Hertzberg is right, by writing that the world is laughing at the United States right now, contrary to what Trump wants to do. Simply put, he shames the American people. For me, he shames humanity. And here’s another Trump-esque theatrics that only shows how clearly incompetent he is at the end of the day – the birther issue. Trump incessantly questions Pres. Obama’s birth, trying to rid of the legitimacy of Obama’s presidency. I would say, Trump is no different from those who previously accused the President with the same issue. Well, actually he’s different. He makes it official that some people like just can’t understand simple stuff. And it makes him shallow a Presidential-aspirant. It only shows that Trump cannot engage the president in hardcore and high-brow issues, that’s why he settles on trivial and unnecessary ones. Now who would like a politician who acts and thinks worse than a 5-year old? No one, of course! His amoebic thinking is nauseating, simply put. And Trump’s idiocy is made official by the President himself. Obama is right to point out that such issue is gearing away the attention of the country in tackling issues with great importance. And the president sufficed as much as 50% of Americans, a third of Republicans and pretty much the entire world evidences that suggest that Trump is simply going nuts! But what Trump has been doing? Announcing how proud he is that Obama had finally released his birth certificate? I don’t know in what Universe what Trump is bragging about is an accomplishment or something to be proud of. Simply put, Trump shouldn’t be taken seriously about his Presidential delusions. And he needs to shut up and walk away from any political aspirations of his. Not only he’s hurting GOP, and trying to overshadow the competent Republican stock (as affirmed by polls, which is again a ridiculous manifestation of Trump’s growing idiocratic propaganda), he’s making the whole Presidential campaign a bogus one. Someone has to shove a dirty sock in his throat to cease him shaming humanity.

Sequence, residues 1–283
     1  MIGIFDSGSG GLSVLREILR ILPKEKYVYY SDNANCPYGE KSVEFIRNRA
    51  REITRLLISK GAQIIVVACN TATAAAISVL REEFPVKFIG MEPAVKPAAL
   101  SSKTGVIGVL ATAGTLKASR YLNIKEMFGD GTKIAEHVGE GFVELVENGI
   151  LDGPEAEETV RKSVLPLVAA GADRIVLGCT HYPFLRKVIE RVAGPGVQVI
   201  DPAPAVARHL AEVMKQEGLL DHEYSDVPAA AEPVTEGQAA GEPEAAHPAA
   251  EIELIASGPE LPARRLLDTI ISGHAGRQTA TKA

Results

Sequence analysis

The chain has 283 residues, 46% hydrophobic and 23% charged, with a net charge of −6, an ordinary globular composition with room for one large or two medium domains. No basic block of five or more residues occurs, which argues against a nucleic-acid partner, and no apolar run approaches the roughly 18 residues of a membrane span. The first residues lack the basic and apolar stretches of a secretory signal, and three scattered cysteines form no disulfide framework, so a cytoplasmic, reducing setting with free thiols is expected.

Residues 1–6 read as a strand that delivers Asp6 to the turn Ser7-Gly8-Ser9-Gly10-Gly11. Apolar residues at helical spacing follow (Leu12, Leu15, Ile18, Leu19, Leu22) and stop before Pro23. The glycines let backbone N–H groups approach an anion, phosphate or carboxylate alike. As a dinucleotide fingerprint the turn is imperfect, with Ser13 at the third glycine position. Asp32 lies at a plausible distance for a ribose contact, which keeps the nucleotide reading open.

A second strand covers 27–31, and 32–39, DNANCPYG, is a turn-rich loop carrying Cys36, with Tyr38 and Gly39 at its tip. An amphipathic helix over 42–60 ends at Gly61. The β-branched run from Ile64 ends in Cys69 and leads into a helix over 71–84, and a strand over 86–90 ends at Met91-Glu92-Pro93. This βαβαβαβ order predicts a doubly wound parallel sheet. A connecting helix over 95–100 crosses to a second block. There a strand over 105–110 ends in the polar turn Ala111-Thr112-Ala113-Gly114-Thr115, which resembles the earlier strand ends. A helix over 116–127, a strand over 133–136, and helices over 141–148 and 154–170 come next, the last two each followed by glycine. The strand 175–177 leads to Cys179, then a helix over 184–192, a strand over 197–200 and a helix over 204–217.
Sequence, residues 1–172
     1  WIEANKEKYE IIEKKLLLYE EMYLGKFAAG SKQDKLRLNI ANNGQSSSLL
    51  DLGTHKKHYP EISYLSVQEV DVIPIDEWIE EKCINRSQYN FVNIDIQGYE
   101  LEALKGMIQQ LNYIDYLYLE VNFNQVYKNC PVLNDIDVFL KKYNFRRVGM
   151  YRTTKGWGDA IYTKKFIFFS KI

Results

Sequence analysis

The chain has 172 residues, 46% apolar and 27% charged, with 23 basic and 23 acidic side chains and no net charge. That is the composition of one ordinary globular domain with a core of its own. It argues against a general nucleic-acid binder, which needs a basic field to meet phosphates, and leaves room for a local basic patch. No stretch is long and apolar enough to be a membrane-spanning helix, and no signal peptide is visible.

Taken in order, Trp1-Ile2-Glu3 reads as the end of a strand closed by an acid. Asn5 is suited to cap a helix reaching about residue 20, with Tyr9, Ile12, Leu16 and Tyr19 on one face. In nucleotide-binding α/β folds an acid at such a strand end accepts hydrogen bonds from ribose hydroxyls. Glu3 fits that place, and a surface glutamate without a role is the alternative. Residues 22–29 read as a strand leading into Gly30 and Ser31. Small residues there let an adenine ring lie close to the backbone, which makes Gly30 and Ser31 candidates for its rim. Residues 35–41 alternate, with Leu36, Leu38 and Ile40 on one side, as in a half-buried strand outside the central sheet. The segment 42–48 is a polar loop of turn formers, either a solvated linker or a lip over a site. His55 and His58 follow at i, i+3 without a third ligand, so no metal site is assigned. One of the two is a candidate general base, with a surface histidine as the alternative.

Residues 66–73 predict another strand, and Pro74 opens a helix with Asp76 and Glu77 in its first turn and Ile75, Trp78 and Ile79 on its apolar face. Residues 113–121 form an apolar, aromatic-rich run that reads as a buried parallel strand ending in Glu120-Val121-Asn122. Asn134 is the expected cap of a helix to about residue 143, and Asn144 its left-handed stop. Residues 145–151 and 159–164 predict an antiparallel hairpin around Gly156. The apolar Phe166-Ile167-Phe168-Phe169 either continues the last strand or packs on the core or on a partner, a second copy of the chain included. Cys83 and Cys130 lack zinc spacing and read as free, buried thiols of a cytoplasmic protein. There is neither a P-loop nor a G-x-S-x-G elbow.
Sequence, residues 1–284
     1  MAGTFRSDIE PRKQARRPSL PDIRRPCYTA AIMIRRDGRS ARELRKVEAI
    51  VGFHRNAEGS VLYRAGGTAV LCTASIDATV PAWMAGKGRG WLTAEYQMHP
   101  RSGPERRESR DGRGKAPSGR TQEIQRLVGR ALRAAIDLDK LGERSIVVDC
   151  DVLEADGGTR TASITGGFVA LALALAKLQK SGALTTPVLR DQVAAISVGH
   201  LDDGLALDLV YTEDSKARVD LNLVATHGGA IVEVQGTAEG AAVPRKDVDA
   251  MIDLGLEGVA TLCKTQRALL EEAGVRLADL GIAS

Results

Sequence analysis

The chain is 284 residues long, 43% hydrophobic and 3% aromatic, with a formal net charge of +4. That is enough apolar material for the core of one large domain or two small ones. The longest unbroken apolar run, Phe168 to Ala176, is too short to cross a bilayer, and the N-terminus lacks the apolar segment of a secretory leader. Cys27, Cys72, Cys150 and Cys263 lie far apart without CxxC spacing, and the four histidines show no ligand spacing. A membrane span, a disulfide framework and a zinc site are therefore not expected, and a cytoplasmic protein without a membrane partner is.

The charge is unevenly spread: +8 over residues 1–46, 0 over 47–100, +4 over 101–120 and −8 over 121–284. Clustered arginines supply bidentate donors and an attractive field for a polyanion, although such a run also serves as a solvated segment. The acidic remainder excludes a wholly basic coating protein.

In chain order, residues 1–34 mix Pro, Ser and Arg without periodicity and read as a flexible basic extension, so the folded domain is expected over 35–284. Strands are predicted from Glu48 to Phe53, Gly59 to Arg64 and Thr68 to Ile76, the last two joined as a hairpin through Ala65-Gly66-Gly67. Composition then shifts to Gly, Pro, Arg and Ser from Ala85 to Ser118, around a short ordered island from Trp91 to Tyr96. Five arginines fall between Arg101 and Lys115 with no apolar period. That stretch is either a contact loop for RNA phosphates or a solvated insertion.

Monday, November 8, 2010


The Midterm Elections

Tacky - is what I would comment on the course of the midterm elections in the so called Land of Opportunity. Not per se though, since this is the most expensive campaign trail for a midterm election in the US history, but indiscriminately gauche when you think about or boil down what you think about the way the candidates engaged one another this time. It makes me smile especially when the press and overindulging media keeps on making fun of O’Donell being a witch (which she helplessly tried to defend she isn’t), but her past revealing some of witchy element was a total kill shot. Hold on, ladies and gentlemen, this woman abhors masturbation. Yes, would you believe that? Wrong move, Christine. Absolutely unnecessary. Whatever ethical contentions, or even worse, reformations you have, sure do that the men of talk shows would totally dig on that. Leno did a pretty good job mocking our dear Christine (in several instances maybe) in the Tonight Show. Leno asks, “So, she never had masturbation”. I’ll stop here. Let your imagination and creativity work itself up.